Council doesn’t want responsibility for rail bridge

Wellington Shire Council has made it clear it does not want responsibility for the maintenance and upkeep of the existing Avon Bridge when it is decommissioned.
Wellington Shire Council has made it clear it does not want responsibility for the maintenance and upkeep of the existing Avon Bridge when it is decommissioned.

WELLINGTON Shire Council will write to the new public transport minister after this Saturday’s state election to seek assurances over the existing Avon River Rail Bridge.

Council wants to make sure that the future management and maintenance responsibilities associated with the existing rail bridge remain with the state government or one of its statutory bodies once it is decommissioned from the rail network.

The council has already ruled out any desire to take on the management responsibility itself because of the expected costs involved.

At the November 7 council meeting, Cr Carmel Ripper presented a report that stated: “Council does not wish to assume responsibility for maintaining the Avon River Bridge given the ongoing resource implications, and instead seeks state government assurance that the future integrity and maintenance will continue to be controlled by the state government, particularly if the bridge is listed on the Victorian Heritage Register”.

Moving the motion to write to the minister, Cr Ripper said many shire residents wanted to see the facility used for community projects, such as the Gippsland Plains Rail Trail, and it was important to ensure it remained a community asset.

She said many people she had spoken to appreciated the bridge’s historical and heritage significance, and many people said they would like to see local jobs created as part of the project.

Copies of the letter will be sent to local Gippsland members of parliament.

Cr Ripper noted the consultation process by the state government provided “an expectation” about potential uses for the old bridge, as borne out in the feedback.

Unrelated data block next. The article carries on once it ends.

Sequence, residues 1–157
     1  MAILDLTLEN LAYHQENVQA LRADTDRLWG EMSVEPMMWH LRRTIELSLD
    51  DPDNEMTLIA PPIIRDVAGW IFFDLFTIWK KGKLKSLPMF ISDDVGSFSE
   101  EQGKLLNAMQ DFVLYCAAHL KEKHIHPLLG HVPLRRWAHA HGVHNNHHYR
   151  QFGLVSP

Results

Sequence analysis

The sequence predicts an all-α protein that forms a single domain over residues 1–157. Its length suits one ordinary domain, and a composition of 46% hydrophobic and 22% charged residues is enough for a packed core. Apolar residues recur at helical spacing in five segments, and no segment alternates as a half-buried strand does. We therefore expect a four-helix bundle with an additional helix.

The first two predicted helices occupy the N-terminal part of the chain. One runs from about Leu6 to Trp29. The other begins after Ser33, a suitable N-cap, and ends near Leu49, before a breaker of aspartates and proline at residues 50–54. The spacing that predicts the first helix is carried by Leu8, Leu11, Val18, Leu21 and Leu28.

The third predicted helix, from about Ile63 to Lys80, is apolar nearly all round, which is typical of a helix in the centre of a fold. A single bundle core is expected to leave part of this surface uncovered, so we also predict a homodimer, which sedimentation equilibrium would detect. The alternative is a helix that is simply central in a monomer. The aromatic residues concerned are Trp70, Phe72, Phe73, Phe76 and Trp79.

However, she also noted the future management and maintenance of the current Avon River Bridge “is not clear”, although it is currently a state government controlled and maintained asset.

The $520 million Gippsland Line Upgrade is proposed to be delivered in two work packages: the Gippsland Line Upgrade corridor works, and the Avon River Bridge upgrade.

Rail Projects Victoria has nominated the existing Avon River Rail Bridge to be listed on the Victorian Heritage Register as an asset of state significance, to preserve the historic amenity enjoyed by the community, rail commuters and regional tourists.

The Heritage Council is expected to make its final decision on whether the bridge receives heritage listing on December 6.

At the last council meeting, council also agreed to provide written support for Planning Scheme Amendment C105, which will provide the relevant planning provisions within the Wellington Planning Scheme to facilitate a new rail crossing at the Avon River, as part of the state government’s Regional Rail Revival program.

Amendment C105 is required to introduce the provisions into the Wellington Planning Scheme to allow for the new railway bridge crossing by streamlining the planning approval process.

The amendment applies to land that will be developed for the Gippsland line bridge upgrade, including about one kilometre of land to the south of the Avon River crossing (through farmland), and about one kilometre of land to the north of the Avon River within Stratford’s township.

The project land is within the rail corridor, but some private land will be needed.

The $1.75 billion program is a joint initiative of the Australian and Victorian governments, and will upgrade stations, signalling and track across Victoria.

The $95 million replacement of the Avon River Bridge will lift the 10kmh speed limit currently imposed on trains in this section, improving reliability and overall journey times for passengers.

The upgrade of Avon River Bridge rail crossing will increase line speed and service reliability, improve passenger comfort, reduce maintenance costs, and increase the ability to operate heavy freight, boosting regional industries.

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